Chanukah in July AND Answers about the Goblet of Fire
If you’ve ever been on one of my behind-the-scenes collections tours, or read my blog posts, you may recall that one of my very favorite artifacts in the collections is what I call the “Goblet of Fire,” named, of course for the Harry Potter novel. Well, I found out more information about it! See previous posts Selecting Collections and The Goblet of Fire.
In the event that you’ve missed it, our “Goblet of Fire” is the gold-colored vessel that the Rogers Avenue Synagogue used to hold the ashes when they burned their mortgage back in 1975. Knowing that Harry Potter references aren’t exactly the preferred lexicon, in my catalog record I described the artifact as a “compote dish.” And it turns out I wasn’t too far off the mark.
A few weeks I was talking to Irwin Cohen, about the Chanukah House that his family created in the 1980s on Park Heights Avenue. Irwin’s father, Morris, had already donated some photographs and newspaper clippings about the festive home bedecked with colorful lights and oversized dreidels. I was interested in collecting some more personal items, such as notes, or cards, or stories that visitors shared with the Cohen family expressing what an impact this one-of-a-kind house had on people—both Jewish and non-Jewish.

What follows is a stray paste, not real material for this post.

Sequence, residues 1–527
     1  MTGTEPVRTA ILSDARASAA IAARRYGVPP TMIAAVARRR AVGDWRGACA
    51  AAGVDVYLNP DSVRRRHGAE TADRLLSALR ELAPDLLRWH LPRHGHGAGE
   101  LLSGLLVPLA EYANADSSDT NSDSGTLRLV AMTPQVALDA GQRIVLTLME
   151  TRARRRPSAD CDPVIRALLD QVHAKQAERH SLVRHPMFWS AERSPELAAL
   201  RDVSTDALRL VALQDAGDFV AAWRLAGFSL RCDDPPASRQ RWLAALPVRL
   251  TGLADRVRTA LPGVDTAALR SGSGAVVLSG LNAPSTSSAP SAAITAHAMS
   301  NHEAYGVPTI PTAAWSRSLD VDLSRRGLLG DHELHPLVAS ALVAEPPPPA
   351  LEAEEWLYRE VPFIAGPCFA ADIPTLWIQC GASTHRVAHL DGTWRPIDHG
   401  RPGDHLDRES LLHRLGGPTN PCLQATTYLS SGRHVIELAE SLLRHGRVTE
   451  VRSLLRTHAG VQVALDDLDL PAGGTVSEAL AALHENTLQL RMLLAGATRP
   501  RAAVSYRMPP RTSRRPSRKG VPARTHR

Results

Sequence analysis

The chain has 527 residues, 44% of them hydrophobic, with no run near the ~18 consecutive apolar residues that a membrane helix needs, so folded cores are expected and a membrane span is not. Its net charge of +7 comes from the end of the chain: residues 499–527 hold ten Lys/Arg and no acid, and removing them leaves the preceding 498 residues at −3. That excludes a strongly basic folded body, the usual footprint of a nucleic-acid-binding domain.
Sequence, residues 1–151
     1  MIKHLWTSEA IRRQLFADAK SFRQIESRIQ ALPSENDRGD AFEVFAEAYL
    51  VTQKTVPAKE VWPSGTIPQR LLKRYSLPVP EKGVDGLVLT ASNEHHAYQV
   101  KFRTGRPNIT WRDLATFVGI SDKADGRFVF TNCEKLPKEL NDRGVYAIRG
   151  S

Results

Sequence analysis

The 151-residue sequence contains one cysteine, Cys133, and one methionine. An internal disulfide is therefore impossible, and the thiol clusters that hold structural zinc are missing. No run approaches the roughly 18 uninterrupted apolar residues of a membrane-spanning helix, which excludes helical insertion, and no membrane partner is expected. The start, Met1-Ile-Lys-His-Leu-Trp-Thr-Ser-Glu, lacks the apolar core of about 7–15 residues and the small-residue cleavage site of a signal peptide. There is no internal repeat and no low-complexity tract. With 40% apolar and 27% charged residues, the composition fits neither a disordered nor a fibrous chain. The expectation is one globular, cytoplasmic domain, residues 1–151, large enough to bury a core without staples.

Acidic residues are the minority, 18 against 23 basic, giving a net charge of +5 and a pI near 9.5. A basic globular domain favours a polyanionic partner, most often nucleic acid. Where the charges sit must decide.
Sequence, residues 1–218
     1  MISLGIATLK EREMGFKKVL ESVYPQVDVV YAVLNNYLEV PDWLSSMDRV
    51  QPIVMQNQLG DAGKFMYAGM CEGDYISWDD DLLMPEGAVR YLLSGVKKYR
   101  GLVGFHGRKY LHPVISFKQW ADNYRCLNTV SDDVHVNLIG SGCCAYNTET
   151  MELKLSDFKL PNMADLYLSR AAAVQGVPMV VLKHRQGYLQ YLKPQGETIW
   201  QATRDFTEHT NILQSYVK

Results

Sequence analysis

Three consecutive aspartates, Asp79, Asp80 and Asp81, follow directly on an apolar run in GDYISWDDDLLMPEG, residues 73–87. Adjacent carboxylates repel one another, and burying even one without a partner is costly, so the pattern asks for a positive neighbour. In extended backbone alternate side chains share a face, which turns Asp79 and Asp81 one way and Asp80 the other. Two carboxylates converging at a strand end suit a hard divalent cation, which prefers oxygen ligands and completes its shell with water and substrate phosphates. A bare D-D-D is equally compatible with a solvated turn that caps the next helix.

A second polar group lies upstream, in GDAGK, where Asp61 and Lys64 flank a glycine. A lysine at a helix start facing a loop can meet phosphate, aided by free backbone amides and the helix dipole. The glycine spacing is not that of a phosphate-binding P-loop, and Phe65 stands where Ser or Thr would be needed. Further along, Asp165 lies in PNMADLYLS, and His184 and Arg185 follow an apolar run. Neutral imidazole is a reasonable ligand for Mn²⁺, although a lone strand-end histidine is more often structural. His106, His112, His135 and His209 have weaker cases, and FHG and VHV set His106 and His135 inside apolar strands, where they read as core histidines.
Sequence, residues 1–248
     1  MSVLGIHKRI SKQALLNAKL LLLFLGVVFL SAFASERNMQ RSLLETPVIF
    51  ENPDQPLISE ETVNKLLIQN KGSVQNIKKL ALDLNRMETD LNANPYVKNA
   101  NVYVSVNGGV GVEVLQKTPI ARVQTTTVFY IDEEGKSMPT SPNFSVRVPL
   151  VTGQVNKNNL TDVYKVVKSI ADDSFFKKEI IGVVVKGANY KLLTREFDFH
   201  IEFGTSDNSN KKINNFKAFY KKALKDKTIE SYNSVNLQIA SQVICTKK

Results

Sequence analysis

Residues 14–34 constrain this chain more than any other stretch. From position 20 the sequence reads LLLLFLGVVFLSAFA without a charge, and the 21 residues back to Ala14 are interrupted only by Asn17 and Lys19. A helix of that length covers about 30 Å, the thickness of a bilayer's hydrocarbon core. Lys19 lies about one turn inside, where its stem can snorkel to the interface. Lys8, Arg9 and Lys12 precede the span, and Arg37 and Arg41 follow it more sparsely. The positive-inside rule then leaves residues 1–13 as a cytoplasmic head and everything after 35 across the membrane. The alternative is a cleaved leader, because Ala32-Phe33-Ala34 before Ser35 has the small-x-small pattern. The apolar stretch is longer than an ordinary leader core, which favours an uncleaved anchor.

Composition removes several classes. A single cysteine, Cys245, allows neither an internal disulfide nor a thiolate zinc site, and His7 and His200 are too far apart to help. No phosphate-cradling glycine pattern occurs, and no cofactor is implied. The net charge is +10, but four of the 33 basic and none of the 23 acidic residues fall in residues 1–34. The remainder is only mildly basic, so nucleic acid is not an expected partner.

According to Irwin, he didn’t set out on a mission to create “the Chanukah House” when he picked up nine shiny knights at a shop in Williamsburg in July, 1988. He just thought they would make a really great menorah—and he had five months to build it. The first year, the decorations were pretty sparse –just the giant menorah and some lights.
Little by little, the family added to the display. The decorations were a combination of Chanukah symbols –dreidels, menorah—pop culture references such as Adam Sandler (“singing” the Chanukah song via CD player), Elmo from Sesame Street, teddy bears, Fiddlers on Rooves and general kitsch.
There was even a Chanukah Barbie scandal. Apparently the 3 ½ foot tall Barbie’s sleeveless evening dress was offensive to one particular woman, who thought she should be more modestly dressed in keeping with Orthodox customs. To mollify the woman, Irwin added a mink fur stole to cover her bare shoulders.
Pretty soon people were driving past this Park Heights house to behold the spectacle Chanukah cards were sold featuring a photograph of the house in its splendor! In later years, there is a community-wide menorah lighting ceremony.
Many elected officials attended the event and got to light a candle, too. Irwin told me a story of how the Cohen family was enjoying dinner when they thought they saw Governor O’Malley with his young son (and two body-guards in tow) in front of the house. When Anne and Morris Cohen invited the Governor inside O’Malley said “Chanukah wouldn’t be Chanukah if I didn’t stop by the Chanukah House.”
I enjoyed “celebrating” Chanukah in July with Mr. Cohen.
A few minutes after we hung up, my phone rang again. It’s Irwin. He has another story for me. He had seen my blog post and had the answer to my question How Was this Bowl Chosen? In 1974 his grandmother passed away. The family received a number of fruit baskets during shiva including one in a gold-footed bowl from Raimondi’s. It was an attractive bowl, so they decided to save it.
A year later, Morris was looking for something to burn the mortgage in. Irwin, home from college, informed his dad he knew the perfect thing to use. He went downstairs and found the fruit bowl. The rest, as they say, is history!
A blog post by Senior Collections Manager and Registrar Jobi Zink. To read other posts by Jobi, click here.